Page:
Why LED? The risks associated with CFLs outweigh the benefits.

Why LED? The risks associated with CFLs outweigh the benefits.

Woman holding CFL and regular bulbs

The Issue

More and more Canadians are replacing regular incandescent light bulbs with more energy-efficient products, such as compact fluorescent lamps (CFLs). While CFLs are being promoted because they are energy-efficient, their use has also raised health concerns.


Background

The federal government has adopted a national standard for lighting efficiency that will come into effect in 2012.  Most traditional, incandescent bulbs currently available will not meet the required performance level. The objective is to ensure that only more efficient bulbs such as CFLs, enhanced halogens, and others that are expected in the near future, are used in Canada.

Fluorescent lights have been around for a long time, and CFLs are the latest variation on the traditional tube fluorescent light. CFLs fit into a standard light bulb socket. Like the old-style fluorescent lights, they use a different method to produce light, which makes them energy-efficient. They are low-pressure, mercury vapour lamps that produce invisible ultraviolet (UV) rays. When the lamp is turned on, the mercury vaporizes inside the lamp and becomes 'excited' by the high voltage electricity. The UV then 'excites' the phosphor coating inside the lamp, which emits the light you see.

With more Canadians using CFLs, some have begun to question their safety, including the level of UV emissions, the electric and magnetic fields (EMFs) they create, and the presence of mercury in the lamps. In response to concerns, Health Canada has conducted UV radiation and EMF tests on a range of CFL bulbs, and submitted a final report outlining the results to Natural Resources Canada who commissioned the study.


What CFLs Emit

Ultraviolet Radiation


Canadians can be exposed to ultraviolet (UV) radiation from a variety of natural and artificial sources, including the sun, welding equipment, lasers, tanning equipment, and fluorescent lights. UV can be beneficial: it can be used to kill germs and treat various skin conditions, and it is needed to form vitamin D in our bodies.  At the same time, there are risks attached to all forms of radiation, and overexposure to UV has been linked to sunburns, premature skin aging, skin cancer, eye problems, and weakening of the immune system.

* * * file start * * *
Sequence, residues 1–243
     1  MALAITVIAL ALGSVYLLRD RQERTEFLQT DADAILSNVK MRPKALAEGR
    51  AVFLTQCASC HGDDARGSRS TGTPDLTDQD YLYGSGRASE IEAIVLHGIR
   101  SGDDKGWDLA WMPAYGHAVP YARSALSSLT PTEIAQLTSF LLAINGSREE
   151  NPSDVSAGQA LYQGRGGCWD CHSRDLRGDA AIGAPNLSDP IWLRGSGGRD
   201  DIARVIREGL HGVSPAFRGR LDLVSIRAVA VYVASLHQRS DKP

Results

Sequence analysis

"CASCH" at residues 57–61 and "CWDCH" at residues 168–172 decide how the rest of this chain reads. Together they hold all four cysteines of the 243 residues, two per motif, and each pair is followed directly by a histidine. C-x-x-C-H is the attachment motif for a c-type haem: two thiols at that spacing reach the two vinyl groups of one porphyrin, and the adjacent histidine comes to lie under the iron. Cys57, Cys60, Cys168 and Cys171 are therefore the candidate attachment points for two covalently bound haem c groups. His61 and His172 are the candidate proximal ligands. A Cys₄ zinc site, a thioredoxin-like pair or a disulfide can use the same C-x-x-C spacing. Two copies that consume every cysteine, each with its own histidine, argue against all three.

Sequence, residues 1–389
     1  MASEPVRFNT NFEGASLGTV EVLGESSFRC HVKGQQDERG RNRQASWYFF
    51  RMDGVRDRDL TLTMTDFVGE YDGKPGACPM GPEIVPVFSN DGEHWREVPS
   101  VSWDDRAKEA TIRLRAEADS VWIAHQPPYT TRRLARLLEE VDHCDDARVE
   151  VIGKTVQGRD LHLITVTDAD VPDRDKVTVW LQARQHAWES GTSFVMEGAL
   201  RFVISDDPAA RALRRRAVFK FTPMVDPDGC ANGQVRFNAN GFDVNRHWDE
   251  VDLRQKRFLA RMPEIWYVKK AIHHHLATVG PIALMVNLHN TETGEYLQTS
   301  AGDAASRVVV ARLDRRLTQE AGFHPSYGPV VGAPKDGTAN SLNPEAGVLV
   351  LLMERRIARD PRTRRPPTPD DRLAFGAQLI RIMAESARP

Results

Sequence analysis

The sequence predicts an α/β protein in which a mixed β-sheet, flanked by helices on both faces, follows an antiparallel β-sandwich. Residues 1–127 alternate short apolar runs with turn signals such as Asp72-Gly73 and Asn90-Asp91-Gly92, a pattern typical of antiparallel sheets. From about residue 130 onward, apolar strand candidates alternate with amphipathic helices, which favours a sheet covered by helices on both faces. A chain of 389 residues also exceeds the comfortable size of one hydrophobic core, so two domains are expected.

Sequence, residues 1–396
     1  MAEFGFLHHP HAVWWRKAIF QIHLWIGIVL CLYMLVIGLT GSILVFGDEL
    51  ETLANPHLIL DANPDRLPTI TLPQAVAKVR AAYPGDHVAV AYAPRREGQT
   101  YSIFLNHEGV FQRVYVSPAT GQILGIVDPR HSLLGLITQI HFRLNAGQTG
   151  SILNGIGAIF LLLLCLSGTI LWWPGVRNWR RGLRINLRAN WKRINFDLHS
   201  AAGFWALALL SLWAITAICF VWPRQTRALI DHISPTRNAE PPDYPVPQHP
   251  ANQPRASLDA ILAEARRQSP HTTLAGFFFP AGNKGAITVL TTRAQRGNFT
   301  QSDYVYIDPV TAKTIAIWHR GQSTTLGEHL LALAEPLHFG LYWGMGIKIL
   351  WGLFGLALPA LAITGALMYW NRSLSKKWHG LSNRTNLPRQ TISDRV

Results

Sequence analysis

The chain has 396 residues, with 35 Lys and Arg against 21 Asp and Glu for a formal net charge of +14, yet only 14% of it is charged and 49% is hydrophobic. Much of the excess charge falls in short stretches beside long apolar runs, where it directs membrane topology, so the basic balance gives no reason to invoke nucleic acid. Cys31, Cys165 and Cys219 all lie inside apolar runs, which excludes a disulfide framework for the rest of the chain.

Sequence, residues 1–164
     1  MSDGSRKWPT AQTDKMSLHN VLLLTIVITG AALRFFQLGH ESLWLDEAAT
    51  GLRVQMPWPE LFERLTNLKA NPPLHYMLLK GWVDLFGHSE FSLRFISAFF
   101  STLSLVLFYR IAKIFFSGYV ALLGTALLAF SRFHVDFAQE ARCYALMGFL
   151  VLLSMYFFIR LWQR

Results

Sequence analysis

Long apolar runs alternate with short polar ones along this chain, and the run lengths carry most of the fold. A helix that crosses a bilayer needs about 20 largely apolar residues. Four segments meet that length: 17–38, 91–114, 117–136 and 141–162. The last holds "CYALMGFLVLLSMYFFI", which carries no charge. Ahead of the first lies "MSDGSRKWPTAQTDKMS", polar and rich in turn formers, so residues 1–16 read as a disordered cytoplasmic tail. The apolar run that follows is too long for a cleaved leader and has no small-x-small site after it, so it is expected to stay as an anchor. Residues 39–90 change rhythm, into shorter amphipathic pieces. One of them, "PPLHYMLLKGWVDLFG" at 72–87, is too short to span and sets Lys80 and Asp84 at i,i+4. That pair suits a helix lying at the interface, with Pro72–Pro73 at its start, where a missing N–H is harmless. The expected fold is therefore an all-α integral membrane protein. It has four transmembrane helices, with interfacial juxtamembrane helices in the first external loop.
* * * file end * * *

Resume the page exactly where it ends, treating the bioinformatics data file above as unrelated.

Light bulbs in grassAs noted above, fluorescent lights produce UV when the mercury vapour is 'excited' by the electrical current. However, the amount of UV produced is so small that it is not considered hazardous to your health. The results of the Health Canada study showed that, when either CFLs or regular light bulbs (incandescent) are used at a distance of 30 cm or more, UV emissions do not present a health risk to the general population.  Health Canada recommends that people keep this minimum distance between themselves and any light source.  When CFLs or regular light bulbs are used daily at 30 cm, exposure should be limited to no longer than 3 consecutive hours.

Although the amount of UV emitted by CFLs poses no problem for the average person, some people are extremely sensitive to UV and may be affected by the amount of UV produced by CFLs.  Those who have Lupus or another auto-immune disease and certain skin conditions can be sensitive to the UV from CFLs.  If you believe you are suffering from symptoms related to UV, you should consult your health care provider.


Electric and Magnetic Fields

Electric and magnetic fields (EMFs) surround all electrical equipment from appliances to power cords to outdoor power lines. You cannot see or feel them. An electric field forms whenever you plug a lamp or an appliance into an outlet, even if it is not turned on. The higher the voltage, the stronger the electric field.

A magnetic field forms when the current is flowing through the wire or appliance. The greater the current, the stronger the magnetic field. Electric and magnetic fields can occur separately or together. For example, when you plug in a lamp, it creates an electric field. When you turn the lamp on, the flow of current creates a magnetic field, in addition to the electric field.

Like other electric appliances found in the home, CFLs emit EMFs. Health Canada has made measurements of the EMFs at 20 centimetres from the lamps, and when compared to departmental and international science-based guidelines, the levels of emissions are well below the maximum levels of exposure. Health Canada does not consider the EMFs from CFLs to be a health risk. This conclusion is in line with current international scientific opinion.

 

Click Here to read more from the Health Canada website.